“Keeanga-Yamahtta Taylor has a strong voice, a sharp mind and a clear, readable style that all come together in this penetrating, vital analysis of race and class at this critical moment in America’s racial history.”
—Gary Younge, editor-at-large for the Guardian
“Keeanga-Yamahtta Taylor brings the long history of Black radical theorizing and scholarship into the neoliberal 21st century with From #BlackLivesMatter to Black Liberation. Her strong voice is deeply needed at a time when young activists are once again reforging a Black liberation movement that is under constant attack. Deeply rooted in Black radical, feminist and socialist traditions, Taylor’s book is an outstanding example of the type of analysis that is needed to build movements for freedom and self-determination in a far more complicated terrain than that confronted by the activists of the 20th century. Her book is required reading for anyone interested in justice, equality and freedom.”
—Michael C. Dawson, author of Blacks In and Out of the Left
“From #BlackLivesMatter to Black Liberation is a profoundly insightful book from one of the brightest new lights in African American Studies. Keeanga Yamahtta-Taylor invites us to rethink the postwar history of the US and to place the actions of everyday people, including the hundreds of thousands of African Americans who participated in the urban rebellions and wildcat strikes of 1960s and 1970s, at the forefront of American politics. By doing so, she offers up a “usable past” for interpreting the current anti-state sanctioned violence movement sweeping the U.S. in the early twenty-first century. This timely volume provides much needed analysis not only of race and criminalization in modern American history, but of the specific roles played by a bi-partisan electoral elite, the corporate sector, and the new black political class in producing our current onslaught of police killings and mass incarceration in the years since the Voting Rights Act’s passage. Yamahtta-Taylor’s fluent voice as historian and political theorist renders legible the accomplishments and, perhaps most importantly, the expansive possibilities of a new generation of black youth activism.”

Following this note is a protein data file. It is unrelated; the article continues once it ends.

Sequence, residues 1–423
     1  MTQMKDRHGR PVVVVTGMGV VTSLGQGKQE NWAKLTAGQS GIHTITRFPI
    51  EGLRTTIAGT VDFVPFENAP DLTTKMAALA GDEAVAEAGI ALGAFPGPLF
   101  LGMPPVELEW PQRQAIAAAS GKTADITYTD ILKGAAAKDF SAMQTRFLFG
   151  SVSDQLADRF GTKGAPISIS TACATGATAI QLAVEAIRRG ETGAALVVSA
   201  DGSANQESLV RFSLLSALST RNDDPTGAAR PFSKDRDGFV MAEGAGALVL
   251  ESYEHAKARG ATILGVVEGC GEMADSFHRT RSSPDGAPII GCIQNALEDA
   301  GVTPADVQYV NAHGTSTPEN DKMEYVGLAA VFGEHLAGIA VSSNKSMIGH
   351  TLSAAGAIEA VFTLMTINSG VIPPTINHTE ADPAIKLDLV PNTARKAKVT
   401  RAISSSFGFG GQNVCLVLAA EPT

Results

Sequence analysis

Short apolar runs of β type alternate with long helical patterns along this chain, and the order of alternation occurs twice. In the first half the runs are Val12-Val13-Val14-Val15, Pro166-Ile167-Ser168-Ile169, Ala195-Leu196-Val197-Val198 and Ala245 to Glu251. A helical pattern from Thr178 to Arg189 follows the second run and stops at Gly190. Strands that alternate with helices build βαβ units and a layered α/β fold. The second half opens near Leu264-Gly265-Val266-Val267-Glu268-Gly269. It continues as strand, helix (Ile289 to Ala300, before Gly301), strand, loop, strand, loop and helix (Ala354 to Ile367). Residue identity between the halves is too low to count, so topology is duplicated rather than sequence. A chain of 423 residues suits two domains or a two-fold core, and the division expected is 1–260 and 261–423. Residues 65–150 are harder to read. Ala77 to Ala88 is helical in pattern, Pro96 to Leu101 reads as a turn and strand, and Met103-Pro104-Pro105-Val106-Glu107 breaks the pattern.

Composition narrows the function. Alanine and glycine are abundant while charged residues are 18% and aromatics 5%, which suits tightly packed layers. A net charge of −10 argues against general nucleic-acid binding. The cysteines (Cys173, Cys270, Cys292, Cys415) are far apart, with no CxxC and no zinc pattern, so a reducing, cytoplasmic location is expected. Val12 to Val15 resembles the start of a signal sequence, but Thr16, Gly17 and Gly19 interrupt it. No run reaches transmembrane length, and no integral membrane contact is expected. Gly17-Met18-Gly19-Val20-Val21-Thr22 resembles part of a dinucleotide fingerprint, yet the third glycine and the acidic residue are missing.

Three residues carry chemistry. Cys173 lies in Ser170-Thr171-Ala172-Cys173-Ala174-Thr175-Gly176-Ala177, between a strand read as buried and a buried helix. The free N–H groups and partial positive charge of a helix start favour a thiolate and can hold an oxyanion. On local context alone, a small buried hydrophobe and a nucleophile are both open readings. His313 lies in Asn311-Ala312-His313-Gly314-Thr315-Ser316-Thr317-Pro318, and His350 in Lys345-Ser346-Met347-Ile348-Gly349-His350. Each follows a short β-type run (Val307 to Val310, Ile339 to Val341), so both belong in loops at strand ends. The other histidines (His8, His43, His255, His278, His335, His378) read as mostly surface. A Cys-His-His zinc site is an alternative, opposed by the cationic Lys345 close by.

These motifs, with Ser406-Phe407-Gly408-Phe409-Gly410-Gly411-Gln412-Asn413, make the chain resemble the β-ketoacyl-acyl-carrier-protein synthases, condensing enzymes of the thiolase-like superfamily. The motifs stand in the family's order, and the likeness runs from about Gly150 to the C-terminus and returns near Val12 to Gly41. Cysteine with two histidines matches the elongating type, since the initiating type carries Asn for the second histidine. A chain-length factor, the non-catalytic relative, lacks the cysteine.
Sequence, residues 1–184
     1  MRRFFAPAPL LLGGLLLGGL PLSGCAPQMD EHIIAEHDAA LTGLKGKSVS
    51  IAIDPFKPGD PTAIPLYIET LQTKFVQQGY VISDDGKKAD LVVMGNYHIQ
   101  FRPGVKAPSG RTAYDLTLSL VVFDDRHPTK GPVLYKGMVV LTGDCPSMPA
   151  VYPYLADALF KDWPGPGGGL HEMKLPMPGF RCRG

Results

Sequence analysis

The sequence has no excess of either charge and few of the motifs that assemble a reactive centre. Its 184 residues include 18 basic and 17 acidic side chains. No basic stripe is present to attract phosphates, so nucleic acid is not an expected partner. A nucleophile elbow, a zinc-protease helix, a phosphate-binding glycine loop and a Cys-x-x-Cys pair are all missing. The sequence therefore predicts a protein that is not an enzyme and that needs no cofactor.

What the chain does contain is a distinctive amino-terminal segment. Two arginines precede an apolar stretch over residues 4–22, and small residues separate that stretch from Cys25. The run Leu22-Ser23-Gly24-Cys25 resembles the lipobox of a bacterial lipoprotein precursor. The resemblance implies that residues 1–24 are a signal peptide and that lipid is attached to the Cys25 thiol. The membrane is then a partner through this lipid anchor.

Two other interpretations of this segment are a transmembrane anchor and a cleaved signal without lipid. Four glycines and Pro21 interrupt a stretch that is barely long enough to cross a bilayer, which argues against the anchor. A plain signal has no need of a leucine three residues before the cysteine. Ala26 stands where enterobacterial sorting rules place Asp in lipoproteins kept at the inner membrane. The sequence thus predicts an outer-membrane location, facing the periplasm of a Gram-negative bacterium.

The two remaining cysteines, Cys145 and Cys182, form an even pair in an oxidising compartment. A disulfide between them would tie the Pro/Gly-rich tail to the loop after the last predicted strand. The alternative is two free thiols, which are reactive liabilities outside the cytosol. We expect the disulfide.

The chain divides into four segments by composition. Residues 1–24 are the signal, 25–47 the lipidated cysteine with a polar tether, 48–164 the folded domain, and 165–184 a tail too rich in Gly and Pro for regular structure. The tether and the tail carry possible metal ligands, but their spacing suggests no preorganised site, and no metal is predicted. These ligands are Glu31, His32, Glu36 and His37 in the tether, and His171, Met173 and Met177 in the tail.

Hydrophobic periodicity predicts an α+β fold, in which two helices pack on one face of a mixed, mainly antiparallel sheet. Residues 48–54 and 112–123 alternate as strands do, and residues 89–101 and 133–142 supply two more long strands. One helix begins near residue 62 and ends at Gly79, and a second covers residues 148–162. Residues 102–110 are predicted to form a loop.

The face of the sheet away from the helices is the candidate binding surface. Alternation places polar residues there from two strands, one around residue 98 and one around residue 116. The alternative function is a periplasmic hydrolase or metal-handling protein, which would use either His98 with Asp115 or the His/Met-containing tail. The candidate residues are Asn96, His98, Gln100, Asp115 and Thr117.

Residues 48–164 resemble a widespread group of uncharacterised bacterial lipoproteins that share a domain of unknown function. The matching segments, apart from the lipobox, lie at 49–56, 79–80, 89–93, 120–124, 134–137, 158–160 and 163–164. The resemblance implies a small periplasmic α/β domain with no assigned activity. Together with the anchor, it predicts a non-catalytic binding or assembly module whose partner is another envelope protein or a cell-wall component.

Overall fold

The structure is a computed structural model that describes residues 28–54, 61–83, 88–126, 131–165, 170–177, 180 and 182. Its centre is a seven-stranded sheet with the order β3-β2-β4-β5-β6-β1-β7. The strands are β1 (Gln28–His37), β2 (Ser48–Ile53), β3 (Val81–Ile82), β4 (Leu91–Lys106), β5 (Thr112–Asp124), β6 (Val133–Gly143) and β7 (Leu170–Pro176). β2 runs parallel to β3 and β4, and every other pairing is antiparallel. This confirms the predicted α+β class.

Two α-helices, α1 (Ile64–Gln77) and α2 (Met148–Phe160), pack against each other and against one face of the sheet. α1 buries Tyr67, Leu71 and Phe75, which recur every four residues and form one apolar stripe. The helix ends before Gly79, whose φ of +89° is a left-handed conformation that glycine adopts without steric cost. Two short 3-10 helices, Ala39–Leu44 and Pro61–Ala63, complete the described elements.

—Donna Murch, author of Living for the City: Migration, Education, and the Rise of the Black Panther Party in Oakland, California
“Keeanga-Yahmatta Taylor has given us an important book, one that might help us to understand the roots of the contemporary policing crisis and build popular opposition capable of transforming the current, dismal state of affairs. Equal parts historical analysis and forceful polemic, From #BlackLivesMatter to Black Liberation provides a much-needed antidote to the post-racial patter that has defined the Obama years, but it also serves as a proper corrective for the “new civil rights movement” posturing of some activists. Against such nostalgic thinking, Taylor reminds us of the new historical conditions we face, and the unique challenges created by decades of African American political integration. From #BlackLivesMatter to Black Liberation sketches a politics that rightly connects anti-police brutality protests and a broader anti-capitalist project. Everyone who has grown sick of too many undeserved deaths at the hands of police and vigilantes should read and debate this book.”
—Cedric G. Johnson, author of Revolutionaries to Race Leaders: Black Power and the Making of African American Politics